Savage’s new 5-and-a-half-pound sporter isn’t another full-sized rifle with a stumpy barrel. For the first time the company has shaved ounces from its flagship M110 double-lug bolt-action by trimming excess steel from its action and bolt. Like most bolt-actions built in the early to mid-20th century, the Savage is thicker and heavier than necessary for safety and performance, especially with today’s superior steels. While a few manufacturers like New Ultra Light Arms and Kimber started from scratch with trimmed down actions, old school makers like Winchester, Weatherby, Remington and Savage have stuck with their tried and true older actions. Lightening them usually involves shortening and turning down barrels and stocks or building stocks of fiberglass. Some firms replace steel floorplates with ones made of aluminum or plastic, or go to blind magazines.
In the M11 Savage has shaved stock weight by not only trimming dimensions but also milling “ventilation holes” in the fore-end. They slimmed the barrel and cut it back to 20 inches. But their new trick is to mill excess steel from the action walls and bolt. The look is different, distinctive, but not garish. In fact, the tastefully done trimming maintains a visual balance with the smaller stock and barrel. Additional visual “lightening” comes from minimizing and smoothing the barrel lock nut. Its wrench grooves are gone. The large bolt release lever typical of old Savage bolt-actions has been moved to the front of the trigger guard where you hardly notice it. All told, the new look is indeed trim and light.
While the M11 Lightweight is offered in short and long actions, the sample production rifle reviewed here was chambered for the new 6.5 Creedmoor, a Hornady creation that pushes a 140-grain A-Max 2725 fps through the M11’s 20-inch, button-rifled barrel (chronographed 15 feet from the muzzle). While short of 6.5-284 Norma speed, the Creedmoor retains sufficient velocity and energy to remain a viable deer slayer to ranges farther than most of us should shoot. To me its recoil felt like shooting a .243 Win. Handling is quick and slick, too.
I found the bolt throw rougher than that of a typical, full-body Savage bolt. The somewhat rough, satin finish of the barreled action, in this case along the action raceways, slowed bolt travel. The edges of the spiral-fluted bolt body also dragged over the top of the next cartridge in the magazine.
But more important than the feel of the bolt was that after shooting quick rounds in succession I recovered from recoil and got back on target quickly to take out three balloons in 11 seconds. This speaks to the natural pointability of the rifle and its recoil mitigation properties. Just 43 grains of Winchester 760 or Hodgdon Hybrid 100V are sufficient to generate 2725 fps with 140-grain projectiles, a testament to the cartridge. That’s more than sufficient for mule deer, and, with the right bullet, adequate for elk.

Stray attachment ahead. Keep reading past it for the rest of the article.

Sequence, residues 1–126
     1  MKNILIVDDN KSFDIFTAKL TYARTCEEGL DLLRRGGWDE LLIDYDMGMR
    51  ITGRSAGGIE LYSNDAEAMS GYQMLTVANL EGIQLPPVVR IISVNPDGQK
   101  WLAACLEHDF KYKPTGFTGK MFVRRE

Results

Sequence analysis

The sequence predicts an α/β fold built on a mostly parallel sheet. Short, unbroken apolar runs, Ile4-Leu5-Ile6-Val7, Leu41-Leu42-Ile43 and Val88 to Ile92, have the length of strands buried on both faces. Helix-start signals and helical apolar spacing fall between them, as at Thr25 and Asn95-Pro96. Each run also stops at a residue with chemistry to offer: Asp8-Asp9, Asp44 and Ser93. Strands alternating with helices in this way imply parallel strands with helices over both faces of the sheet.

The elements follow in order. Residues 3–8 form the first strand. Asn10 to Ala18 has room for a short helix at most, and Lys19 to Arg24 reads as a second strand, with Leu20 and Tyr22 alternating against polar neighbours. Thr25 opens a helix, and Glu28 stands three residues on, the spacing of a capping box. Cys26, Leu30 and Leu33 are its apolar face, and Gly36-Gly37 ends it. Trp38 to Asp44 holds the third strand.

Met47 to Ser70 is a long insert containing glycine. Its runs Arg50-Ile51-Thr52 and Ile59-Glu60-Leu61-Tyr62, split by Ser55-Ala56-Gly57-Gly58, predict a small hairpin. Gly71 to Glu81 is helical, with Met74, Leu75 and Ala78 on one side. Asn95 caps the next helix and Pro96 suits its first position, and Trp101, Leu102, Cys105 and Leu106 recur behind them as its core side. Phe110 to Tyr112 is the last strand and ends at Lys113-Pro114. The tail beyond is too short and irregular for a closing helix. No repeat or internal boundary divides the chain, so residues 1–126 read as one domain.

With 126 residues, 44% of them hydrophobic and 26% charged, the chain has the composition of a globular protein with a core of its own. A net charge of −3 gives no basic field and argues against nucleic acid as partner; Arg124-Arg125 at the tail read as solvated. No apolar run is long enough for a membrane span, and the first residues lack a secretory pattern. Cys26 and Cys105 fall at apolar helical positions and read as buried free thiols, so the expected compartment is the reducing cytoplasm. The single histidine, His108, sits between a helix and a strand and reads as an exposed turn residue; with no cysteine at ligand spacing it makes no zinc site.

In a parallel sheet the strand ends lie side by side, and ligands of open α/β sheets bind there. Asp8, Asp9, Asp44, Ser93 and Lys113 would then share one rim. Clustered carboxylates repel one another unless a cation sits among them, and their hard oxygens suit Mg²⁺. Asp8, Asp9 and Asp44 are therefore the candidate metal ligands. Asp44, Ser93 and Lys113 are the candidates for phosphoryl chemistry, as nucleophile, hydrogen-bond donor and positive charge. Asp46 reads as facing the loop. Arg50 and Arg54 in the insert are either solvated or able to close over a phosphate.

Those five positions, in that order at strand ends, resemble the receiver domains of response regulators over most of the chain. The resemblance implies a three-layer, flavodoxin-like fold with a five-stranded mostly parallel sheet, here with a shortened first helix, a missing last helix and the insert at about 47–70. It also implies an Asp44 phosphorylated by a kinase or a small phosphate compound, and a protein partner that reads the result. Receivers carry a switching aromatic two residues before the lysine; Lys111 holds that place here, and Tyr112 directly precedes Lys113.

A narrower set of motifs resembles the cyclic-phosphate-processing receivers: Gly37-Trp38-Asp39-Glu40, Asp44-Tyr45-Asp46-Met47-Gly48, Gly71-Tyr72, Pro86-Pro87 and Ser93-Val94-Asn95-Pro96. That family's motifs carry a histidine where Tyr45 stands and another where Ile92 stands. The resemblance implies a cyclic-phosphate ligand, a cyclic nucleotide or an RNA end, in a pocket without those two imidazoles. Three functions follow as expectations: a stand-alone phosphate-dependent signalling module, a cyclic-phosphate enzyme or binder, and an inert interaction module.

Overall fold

A hunting rifle has to be accurate to be effective. This M11 is. From the bench it clustered three Hornady 140-grain A-Max factory loads near a half-inch. Seven three-shot groups averaged right at MOA.
That’s impressive accuracy from a true lightweight, and here’s how Savage gets it: It begins with its proven M110 action using a floating bolt head, which reportedly aligns perfectly with the axis of the bore. Second, that infamous barrel lock nut snugs down perfect headspace. Third, Savage’s button-rifled barrels are famous for consistency. Fourth, the 20-inch barrel, although it is tapered to just .557 inch at the muzzle, is free-floating. Fifth, the AccuTrigger can be adjusted as light as 1.5 pounds pull, yet remains perfectly safe. (The AccuRelease lever inset in the trigger shoe must be pressed all the way back to the actual trigger before the sear can release the striker. Jar the trigger loose and the AccuRelease blocks the striker from hitting the pin.)
The M110 action has never been known for its trim, lightweight elegance. In this M11 version, Savage engineers retained the important stuff for safety and function while milling away superfluous steel. Savage’s dual front gas baffles and big rear bolt shroud remain to block any jetting gases from a ruptured case. Gas ports are drilled on each side of the front receiver ring, and there is plenty of gap around the bolt body for gases to escape upward.
The classic stock is American walnut, but weighs just 1 pound, 12 ounces on our sample rifle. This will vary by wood density, but it’s pretty light. I’ve weighed plenty of synthetic stocks heavier than this. Since the barrel is floated, the channel has been routered out deeper than usual, though a lip is left near the tip to prevent a huge gap from showing.
A final bit of weight is saved by eschewing a traditional hinged floorplate. The M11 wears a detachable magazine with staggered storage but straight-line feeding. A polymer bottom clips into a polymer frame held in place by the action screws. The entire magazine weighs just 2.6 ounces, yet holds four rounds.
In the final analysis, I find this short-action M11 Lightweight in 6.5mm Creedmoor smartly engineered, well built, quick, accurate and a delight to carry. It should make one heck of an enjoyable hunting tool.